By Aaron Wherry - Thursday, June 21, 2012 - 0 Comments
Fans of both supply management and proper parliamentary practice take note: the government side sent up Joe Preston this afternoon to attempt to ask the following.
Mr. Speaker, our government has always been a consistent defender of supply management. By contrast, the Liberal Party offers no concrete proof of its position. The Liberals left supply management out of its election platform and constantly votes against measures that benefit our supply managed farmers and all rural Canadians. Could the Minister of Agriculture please inform the House of the most recent example of how the Liberal Party is turning its back on our egg, dairy and poultry farmers?
The Speaker duly ruled this out of order and moved on to the next question.
I have had to rule before that questions to the government have to touch on government areas of responsibility. Asking about the position of another party is not a government area of responsibility.
By Aaron Wherry - Wednesday, June 20, 2012 at 8:54 AM - 0 Comments
Paul McLeod finds anonymous complaints about the Speaker’s first year.
Outwardly, opposition MPs say they are disappointed but not surprised by Tuesday’s ruling, but behind the scenes, some members of Parliament are angry. They believe Scheer, Parliament’s judge and referee, is favouring the Conservatives … criticizing the Speaker is deeply taboo. But some opposition MPs say there is a widespread belief he is under the influence of Conservative House Leader Peter van Loan. “He’s got the robes and the ranch, but van Loan makes the rules,” one MP said.
The Speaker has been publicly praised by all sides. If his rulings have been somehow flawed, they should probably be challenged outside Parliament by academics and observers. If MPs feel the Speaker isn’t intervening sufficiently, then MPs should probably look at amending the standing orders to officially provide the Speaker with greater latitude to intervene: that seemed, to me, to be the lesson of Speaker Scheer’s ruling on Elizabeth May’s point of order and it probably applies to Mr. Cotler’s point of order as well. I tend to prefer the idea of a more interventionist Speaker, but that doesn’t, or shouldn’t, absolve the other 307 MPs from the responsibility they have to protecting and honouring the House of Commons.
So far as the refereeing of Question Period is concerned, he has only, so far as I recall, punished one party: the Conservatives, when he took away a question for excessive interruptions. He has also cut off at least a couple of Conservatives when their members’ statement’s strayed into personal attacks. There are a few things that have come up during this sitting that might be addressed when the House returns in the falls—the content of members’ statements, the relevance of questions and the use of responses—but I’ll lay out those suggestions in another post.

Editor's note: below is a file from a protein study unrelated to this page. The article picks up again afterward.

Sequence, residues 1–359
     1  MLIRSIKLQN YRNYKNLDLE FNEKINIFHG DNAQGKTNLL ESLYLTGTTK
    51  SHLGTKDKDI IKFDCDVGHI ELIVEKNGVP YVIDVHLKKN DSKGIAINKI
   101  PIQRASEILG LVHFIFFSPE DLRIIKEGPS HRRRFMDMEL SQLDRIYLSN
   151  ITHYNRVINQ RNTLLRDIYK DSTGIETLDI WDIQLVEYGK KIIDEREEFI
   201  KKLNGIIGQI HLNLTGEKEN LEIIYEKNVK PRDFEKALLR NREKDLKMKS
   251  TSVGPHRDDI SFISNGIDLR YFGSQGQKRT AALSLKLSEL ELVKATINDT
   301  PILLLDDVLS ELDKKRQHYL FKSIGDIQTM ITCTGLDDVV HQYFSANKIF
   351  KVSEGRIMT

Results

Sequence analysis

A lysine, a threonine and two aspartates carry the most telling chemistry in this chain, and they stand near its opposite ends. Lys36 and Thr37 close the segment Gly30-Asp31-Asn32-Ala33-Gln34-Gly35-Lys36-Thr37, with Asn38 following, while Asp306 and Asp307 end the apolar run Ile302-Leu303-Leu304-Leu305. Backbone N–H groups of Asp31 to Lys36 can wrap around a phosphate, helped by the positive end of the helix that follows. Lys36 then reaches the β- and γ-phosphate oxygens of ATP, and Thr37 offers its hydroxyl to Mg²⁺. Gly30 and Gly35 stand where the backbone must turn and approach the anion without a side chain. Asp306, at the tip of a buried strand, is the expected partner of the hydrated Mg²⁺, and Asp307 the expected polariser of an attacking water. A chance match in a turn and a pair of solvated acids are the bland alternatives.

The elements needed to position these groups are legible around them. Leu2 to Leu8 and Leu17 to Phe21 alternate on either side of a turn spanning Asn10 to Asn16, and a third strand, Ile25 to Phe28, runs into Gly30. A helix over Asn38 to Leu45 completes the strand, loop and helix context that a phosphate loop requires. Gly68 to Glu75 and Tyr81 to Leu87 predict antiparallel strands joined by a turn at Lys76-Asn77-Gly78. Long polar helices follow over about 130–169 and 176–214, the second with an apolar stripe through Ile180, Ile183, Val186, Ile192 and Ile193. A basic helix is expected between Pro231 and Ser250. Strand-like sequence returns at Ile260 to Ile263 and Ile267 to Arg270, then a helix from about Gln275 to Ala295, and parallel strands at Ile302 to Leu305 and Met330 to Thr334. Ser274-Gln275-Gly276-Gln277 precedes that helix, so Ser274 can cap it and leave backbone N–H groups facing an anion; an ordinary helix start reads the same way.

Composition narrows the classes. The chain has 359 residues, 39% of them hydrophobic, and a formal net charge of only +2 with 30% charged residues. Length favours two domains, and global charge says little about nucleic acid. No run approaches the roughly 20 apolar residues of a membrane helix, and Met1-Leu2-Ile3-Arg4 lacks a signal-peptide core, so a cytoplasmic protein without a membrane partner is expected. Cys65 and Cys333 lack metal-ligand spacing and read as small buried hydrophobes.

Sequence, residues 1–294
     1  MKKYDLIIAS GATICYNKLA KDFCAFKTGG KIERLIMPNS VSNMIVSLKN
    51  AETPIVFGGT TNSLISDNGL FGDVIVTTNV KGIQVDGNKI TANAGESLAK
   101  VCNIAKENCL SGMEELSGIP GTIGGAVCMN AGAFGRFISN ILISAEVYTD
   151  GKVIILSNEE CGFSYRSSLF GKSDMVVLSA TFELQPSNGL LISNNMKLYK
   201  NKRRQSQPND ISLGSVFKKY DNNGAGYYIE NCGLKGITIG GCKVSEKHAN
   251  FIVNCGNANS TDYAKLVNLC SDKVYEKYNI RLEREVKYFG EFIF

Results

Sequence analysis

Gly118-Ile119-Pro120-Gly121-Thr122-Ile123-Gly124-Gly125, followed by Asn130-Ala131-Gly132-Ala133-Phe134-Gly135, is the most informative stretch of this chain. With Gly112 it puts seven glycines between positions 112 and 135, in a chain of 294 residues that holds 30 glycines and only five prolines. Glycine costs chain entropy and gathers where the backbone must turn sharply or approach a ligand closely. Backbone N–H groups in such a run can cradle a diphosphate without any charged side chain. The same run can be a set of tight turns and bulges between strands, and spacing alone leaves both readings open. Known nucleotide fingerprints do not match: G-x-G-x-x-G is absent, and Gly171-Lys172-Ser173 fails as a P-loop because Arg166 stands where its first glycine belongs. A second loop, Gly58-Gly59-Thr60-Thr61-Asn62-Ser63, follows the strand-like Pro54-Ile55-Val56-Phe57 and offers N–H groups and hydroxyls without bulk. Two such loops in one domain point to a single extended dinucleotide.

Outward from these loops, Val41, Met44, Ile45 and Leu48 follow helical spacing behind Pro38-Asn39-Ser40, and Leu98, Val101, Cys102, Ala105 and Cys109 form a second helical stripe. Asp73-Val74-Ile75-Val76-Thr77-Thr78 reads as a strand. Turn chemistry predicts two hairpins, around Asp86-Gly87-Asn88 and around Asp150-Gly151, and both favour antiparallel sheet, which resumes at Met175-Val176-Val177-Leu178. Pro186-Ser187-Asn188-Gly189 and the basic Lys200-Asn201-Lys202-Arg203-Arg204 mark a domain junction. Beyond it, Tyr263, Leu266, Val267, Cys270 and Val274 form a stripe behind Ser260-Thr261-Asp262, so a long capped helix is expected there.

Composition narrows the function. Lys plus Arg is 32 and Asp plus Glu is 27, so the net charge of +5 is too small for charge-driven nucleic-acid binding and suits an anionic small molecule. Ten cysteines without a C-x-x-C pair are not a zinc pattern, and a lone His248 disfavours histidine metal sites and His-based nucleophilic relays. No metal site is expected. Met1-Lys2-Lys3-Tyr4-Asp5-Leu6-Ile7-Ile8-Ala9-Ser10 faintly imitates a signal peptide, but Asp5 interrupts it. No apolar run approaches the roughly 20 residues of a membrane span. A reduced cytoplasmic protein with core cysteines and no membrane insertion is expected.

By Aaron Wherry - Tuesday, June 5, 2012 at 1:39 PM - 0 Comments
While she took a short break from the House this morning, the Green MP and I spoke about C-38 and her point of order. In the process, as you will see, she corrected my own mistaken impression of what yesterday’s intervention sought.
Q: When did you first start to think about moving this point of order?
A: To tell you the truth, last year. If you want to go back to Hansard, my very first question in Question Period, last June, was to Jim Flaherty to ask whether he planned to put forward an omnibus bill with many measures. And the response was no. And I was very relieved and I went to him afterwards and I said, so really, it’s not going to be one of these big ones? Because I hadn’t been in the House obviously—I wrote extensively on it, I read the bills, I blogged about them, in 2009 and 2010, that these were outrageous. So it’s been on my radar for a long time, that under Stephen Harper, obviously omnibus bills have come up before, that’s why there’s a lot of precedent for me to go through in Hansard, but really nothing like this, nothing like the last few years. I actually anticipated that Peter Van Loan might say, as he did yesterday, we’ve had much longer bills. Yeah. But only yours. And not ever challenged. There are no Speaker’s rulings on the omnibus budget bills of 2009, 2010. So the first piece of research that I asked the parliamentary library to do for me last year was on the procedural rules around omnibus budget bills. Because if there had been one last summer and I was so sure there would be one. And then I actually voted for the budget implementation bill last year because it was very clever, it was a series of measures that nobody could be against. It was removing the GST and HST on the sale of poppies to the Canadian Legion and reducing the licensing and fees required to operate a canoe or kayak. I mean, I’m not kidding, it was a bundling together of friendly moves. And it wasn’t unanimously passed, but I did vote for it. This time around, I didn’t expect this, I have to say. Having read the budget, the budget was quite bad enough that I wasn’t thinking, oh, I bet they’ll do worse in the budget implementation bill. Somehow it had receded in my mind. But the research had been done by the parliamentary library. Now, of course, I did substantially more research than the summary I got from the parliamentary library, but at least I had a grounding in the topic. Continue…